IT’S A STICKY QUESTION…..WHAT DO YOU DO WITH 6 ½ TONS OF HONEY?
Vancouver, BC., September 25, 2012
Urban apiaries, abuzz with activity, have produced sweet crops that weigh in at over 13,000 pounds at Fairmont Hotels & Resorts in the Pacific Northwest
In Vancouver, The Fairmont Waterfront’s rooftop apiary, overlooking the scenic Burrard Inlet, is home to a half million honeybees during the summer. The hotel’s honey harvest, which took place in September, produced 700 pounds, with an additional 4,000 pounds from off-site hives. Resident beekeeper and executive sous chef Mark Wadsworth (who used a hotel pillow case to rescue a swarm of bees from a neighbouring tree and took them “home”) worked alongside John Gibeau, president of the Honeybee Centre (www.honeybeecentre.com), past president of British Columbia Honey Producers, and lifelong beekeeper. After gently smoking the hives to calm the bees, the frames are removed and lightly brushed, and the honey is extracted. The tasty results are available at the honey-themed Afternoon “Hive” Tea with local artisanal cheeses paired with honey-infused accompaniments, honey almond cakes, garden thyme lemon lollipops, bannock bread scones, and sweets prepared with herbs and honey from the garden. The harvest also inspired the hotel’s Bees Knees - honey truffles in milk or dark chocolate with flavour notes of butterscotch, vanilla and cinnamon that were created with British Columbia’s legendary chocolatier, Rogers’ Chocolate.
Across town at one of the world’s busiest airports, The Fairmont Vancouver Airport is home to approximately a million honeybees that reside on Vancouver International Airport’s land at McDonald Beach Park. The area’s vast array of indigenous plants, trees and flowers provide the bees with an ever changing menu that produces a mélange of sweet and spicy notes with a hint of cinnamon and apple. This “nectar of the gods” can be sampled in a variety of cocktails and dishes in the hotel’s lounge and restaurant with favourites like the rum-based Honey Harvest cocktail, Chicken and Quinoa Salad with Honey Lime Vinaigrette, Honey Cheesecake, or the Cranberry Pear Cobbler served with house-made Honey Ice Cream. The honey can also be purchased at the hotel, Discovery BC, and the Euro Café located in the airport’s domestic terminal.
Ask The Fairmont Empress in Victoria, BC what do to with a ton – or two - of honey and they have a ready answer. After all, they recently collected over 3,000 pounds of honey from the happy hives and it’s only the second year. Craft a wheat and honey beer with Hoyne’s Hefe, serve it with scones at Afternoon Tea, create a honey vinaigrette, honey and thyme jus, pastry truffles, homemade peanut butter, desserts, sauces and lip balm…. and use it on popcorn. “We are now exploring possibilities to incorporate the honey into some of our treatments in Willow Stream Spa,” explains Angela Rafuse-Tahir, the hotel’s director of sales and marketing. “We discovered through our research that honey is an anti-aging skin care product and is the only natural product that never goes bad. It was used centuries ago by beauties like Cleopatra and found in the tombs of ancient Egypt.”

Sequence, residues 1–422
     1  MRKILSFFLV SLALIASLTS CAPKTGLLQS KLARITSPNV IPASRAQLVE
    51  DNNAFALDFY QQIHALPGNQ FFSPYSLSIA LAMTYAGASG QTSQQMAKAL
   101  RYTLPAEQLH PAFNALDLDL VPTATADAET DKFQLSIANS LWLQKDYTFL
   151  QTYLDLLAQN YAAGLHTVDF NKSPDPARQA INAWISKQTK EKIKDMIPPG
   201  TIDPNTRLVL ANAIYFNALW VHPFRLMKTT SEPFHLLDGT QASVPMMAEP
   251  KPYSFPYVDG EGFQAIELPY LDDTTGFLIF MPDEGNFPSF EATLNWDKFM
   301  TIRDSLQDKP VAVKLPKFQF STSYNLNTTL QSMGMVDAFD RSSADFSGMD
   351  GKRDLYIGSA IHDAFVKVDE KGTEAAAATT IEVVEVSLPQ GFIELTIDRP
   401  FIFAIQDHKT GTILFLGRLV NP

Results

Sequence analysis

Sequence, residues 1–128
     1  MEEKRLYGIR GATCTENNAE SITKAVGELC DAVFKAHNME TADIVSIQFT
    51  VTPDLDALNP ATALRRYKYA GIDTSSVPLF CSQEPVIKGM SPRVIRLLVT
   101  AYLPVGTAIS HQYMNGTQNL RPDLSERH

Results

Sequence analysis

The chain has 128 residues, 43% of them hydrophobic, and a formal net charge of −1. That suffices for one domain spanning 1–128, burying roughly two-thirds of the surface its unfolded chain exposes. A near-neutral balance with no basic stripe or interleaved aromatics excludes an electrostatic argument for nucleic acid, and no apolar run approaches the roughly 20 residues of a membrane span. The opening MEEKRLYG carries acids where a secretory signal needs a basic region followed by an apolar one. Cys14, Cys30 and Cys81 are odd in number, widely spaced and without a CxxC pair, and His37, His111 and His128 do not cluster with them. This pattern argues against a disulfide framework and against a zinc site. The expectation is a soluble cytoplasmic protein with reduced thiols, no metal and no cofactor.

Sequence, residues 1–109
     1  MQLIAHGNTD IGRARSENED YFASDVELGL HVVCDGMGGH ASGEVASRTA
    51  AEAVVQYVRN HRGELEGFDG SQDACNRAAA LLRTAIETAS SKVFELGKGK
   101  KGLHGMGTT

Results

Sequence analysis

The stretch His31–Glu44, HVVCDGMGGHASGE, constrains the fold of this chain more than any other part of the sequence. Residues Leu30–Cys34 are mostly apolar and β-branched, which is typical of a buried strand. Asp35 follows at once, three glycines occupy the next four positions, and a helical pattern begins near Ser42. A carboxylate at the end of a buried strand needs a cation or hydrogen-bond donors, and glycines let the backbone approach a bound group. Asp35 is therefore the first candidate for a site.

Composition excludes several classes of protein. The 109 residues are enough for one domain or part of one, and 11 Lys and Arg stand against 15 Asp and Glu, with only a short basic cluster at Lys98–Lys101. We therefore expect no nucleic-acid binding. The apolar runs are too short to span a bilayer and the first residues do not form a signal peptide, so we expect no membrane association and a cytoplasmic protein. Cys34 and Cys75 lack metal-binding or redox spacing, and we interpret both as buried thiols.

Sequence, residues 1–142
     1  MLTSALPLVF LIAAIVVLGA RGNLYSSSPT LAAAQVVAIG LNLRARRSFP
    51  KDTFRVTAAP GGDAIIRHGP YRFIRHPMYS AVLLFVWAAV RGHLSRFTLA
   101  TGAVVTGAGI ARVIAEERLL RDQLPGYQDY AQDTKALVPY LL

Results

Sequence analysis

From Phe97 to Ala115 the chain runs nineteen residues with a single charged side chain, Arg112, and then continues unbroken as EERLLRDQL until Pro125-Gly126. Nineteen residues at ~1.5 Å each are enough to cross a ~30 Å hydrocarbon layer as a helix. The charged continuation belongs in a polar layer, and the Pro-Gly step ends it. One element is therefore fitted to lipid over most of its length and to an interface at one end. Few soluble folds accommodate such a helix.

In Seattle, Washington, The Fairmont Olympic has also just celebrated their second season of beekeeping and is getting a buzz from the honey ale produced from their rooftop hives. In partnership with Master Brew maker Dean Mochizuki at the Pike Brewing Company, Yvon Lambert, the hotel’s food and beverage director formulated a saison-style ale that is infused with three pounds of honey per keg. Served exclusively on tap at Shuckers—it’s an ideal accompaniment to seafood. Honey nuts should make a beeline for the hotel’s AAA Four-Star restaurant, The Georgian for the popular breakfast granola parfait, and honey glazed salmon.
Here is how the busy bees added up in the region for 2012:
The Fairmont Empress – 3,000 pounds
The Fairmont Olympic – 400 pounds
The Fairmont Vancouver Airport – 5,000 pounds
The Fairmont Waterfront – 4,700 pounds.
Fairmont Hotels & Resorts has been committed to protecting the environment for over 20 years, and is always brainstorming ways to enhance the eco-focused Green Partnership Program. With growing concerns about Colony Collapse Disorder in North American honeybees, there was an opportunity to help by placing hives on some hotel’s rooftop gardens. This helps the local environment by providing bees to pollinate area gardens and parks, and by harvesting the honey chefs can offer delicious, local and sustainable honey for use in onsite bars and restaurants. Proving to be a success, the program has now extended to include hives at Fairmont Hotels in Kenya and China.
Guests can make a beeline to Fairmont Hotels in the Pacific Northwest and celebrate the Honey Harvest with a sweet deal of an offer: book and pay for accommodation prior to October 31, 2012 and receive a 20% discount off the room rate and dining, and a sweet treat on arrival. Hotels include The Fairmont Olympic in Seattle, The Fairmont Empress in Victoria, The Fairmont Vancouver Airport, and in Vancouver, The Fairmont Waterfront, The Fairmont Hotel Vancouver and Fairmont Pacific Rim. For reservations, call 1-888-830-1144.